information that there are right now.
MR. GREGORY: This was a big device, though.
SEC'Y NAPOLITANO: It was, it was a big device. I can't give you the--what would have been
the actually explosion had it actually detonated. That's all being worked up right now.
MR. GREGORY: What about leads? Where is the investigation going at the moment?
SEC'Y NAPOLITANO: Well, every possible lead--you know, you look at the license plate on the vehicle, you look at the vehicle itself, you look at any sources on the, the propane tanks or anything else, you look for fingerprints. You look for all of kind of the traditional things...
MR. GREGORY: Right.
SEC'Y NAPOLITANO: ...people read, hear about, see on television. And then we also begin looking at, for example, videotape. There are a lot of cameras in that area of New York City.
MR. GREGORY: Can you see anybody on the tape, or eyewitness accounts?
SEC'Y NAPOLITANO: Again, it's too soon to say. If there were already identification of a subject or subjects, obviously that would be getting out. But right now the investigation is just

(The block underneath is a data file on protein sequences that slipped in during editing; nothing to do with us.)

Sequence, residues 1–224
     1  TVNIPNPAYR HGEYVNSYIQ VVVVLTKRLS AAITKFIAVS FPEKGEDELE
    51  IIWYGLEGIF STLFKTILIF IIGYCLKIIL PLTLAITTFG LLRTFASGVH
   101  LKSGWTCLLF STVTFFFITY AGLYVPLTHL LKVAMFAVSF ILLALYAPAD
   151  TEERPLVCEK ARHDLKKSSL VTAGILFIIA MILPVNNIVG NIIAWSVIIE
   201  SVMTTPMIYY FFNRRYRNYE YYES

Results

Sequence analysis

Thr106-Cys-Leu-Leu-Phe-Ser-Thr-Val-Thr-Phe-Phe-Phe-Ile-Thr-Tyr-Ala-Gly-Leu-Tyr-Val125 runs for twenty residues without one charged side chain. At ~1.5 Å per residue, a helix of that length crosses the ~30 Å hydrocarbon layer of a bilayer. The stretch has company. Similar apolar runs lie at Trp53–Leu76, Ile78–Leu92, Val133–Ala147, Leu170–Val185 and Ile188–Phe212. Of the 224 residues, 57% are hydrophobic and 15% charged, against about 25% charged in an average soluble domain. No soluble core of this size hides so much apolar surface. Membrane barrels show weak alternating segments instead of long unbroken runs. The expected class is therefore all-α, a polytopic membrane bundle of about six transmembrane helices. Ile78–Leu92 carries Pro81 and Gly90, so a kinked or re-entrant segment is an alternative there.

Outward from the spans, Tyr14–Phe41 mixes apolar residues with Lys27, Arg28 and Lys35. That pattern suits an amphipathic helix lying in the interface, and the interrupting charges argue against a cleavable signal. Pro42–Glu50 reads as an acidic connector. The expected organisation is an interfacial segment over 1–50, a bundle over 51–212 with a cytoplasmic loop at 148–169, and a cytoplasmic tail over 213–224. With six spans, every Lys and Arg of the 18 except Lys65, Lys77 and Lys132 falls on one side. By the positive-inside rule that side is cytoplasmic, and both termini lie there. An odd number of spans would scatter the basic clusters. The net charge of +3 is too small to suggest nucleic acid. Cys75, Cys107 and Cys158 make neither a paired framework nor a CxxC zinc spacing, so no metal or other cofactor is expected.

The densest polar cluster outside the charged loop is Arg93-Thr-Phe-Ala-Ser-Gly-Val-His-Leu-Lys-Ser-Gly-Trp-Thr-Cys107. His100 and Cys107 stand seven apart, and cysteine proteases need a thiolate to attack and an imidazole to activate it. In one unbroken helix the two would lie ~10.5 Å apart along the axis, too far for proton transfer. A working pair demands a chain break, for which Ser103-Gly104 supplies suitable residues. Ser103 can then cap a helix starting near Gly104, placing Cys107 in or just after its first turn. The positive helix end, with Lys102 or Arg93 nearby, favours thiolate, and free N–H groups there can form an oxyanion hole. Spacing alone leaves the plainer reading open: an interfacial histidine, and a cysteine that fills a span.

MR. GREGORY: All right. Let me turn to the other developing story, and that is, of course,
the oil spill. Let me go down to New Orleans and Admiral Allen. You're on the ground there, you're assessing the situation. I think the most obvious first question is how are they doing actually shutting off the leak itself?
ADM. THAD ALLEN: Well, David, that's the most challenging part of this operation. We're dealing with a wellhead that's 5,000 feet down on the sea floor, and a well that extends 18,000 feet below it. We've got a 5,000-foot riser pipe that came from the wellhead up to the drilling vessel that's crumpled on the ocean, and we have three different areas where there is product leaking from that pipe. All the work has to be done with remotely operated vehicles. There are a number of, of different scenarios that are being planned out by BP right now. All of it has to be done with remotely operated vehicles. But everything is, is being done because it looks like we had a failure of the blowout preventer, which is a device that's above the well, that is supposed to close it down in, in times of emergency that appeared not to work this time.
MR. GREGORY: And that is a big question, right? How, how does that not happen? How
does a fail-safe procedure fail?
ADM. ALLEN: Well, I would defer to Secretary Salazar for follow on comment, but basically
it's a multistage device that sits above the wellhead that can either cut the pipe, crimp the pipe, or put a rubber seal around it. So there are fair--various levels that can be actuated, but it appeared that it only partially actuated or did not actuate.
MR. GREGORY: Secretary...
ADM. ALLEN: But I would defer to Secretary Salazar.
MR. GREGORY: All right. Well, Secretary Salazar, before you address that, I think another important issue here is how bad is it going to be? When is this going to reach shore and how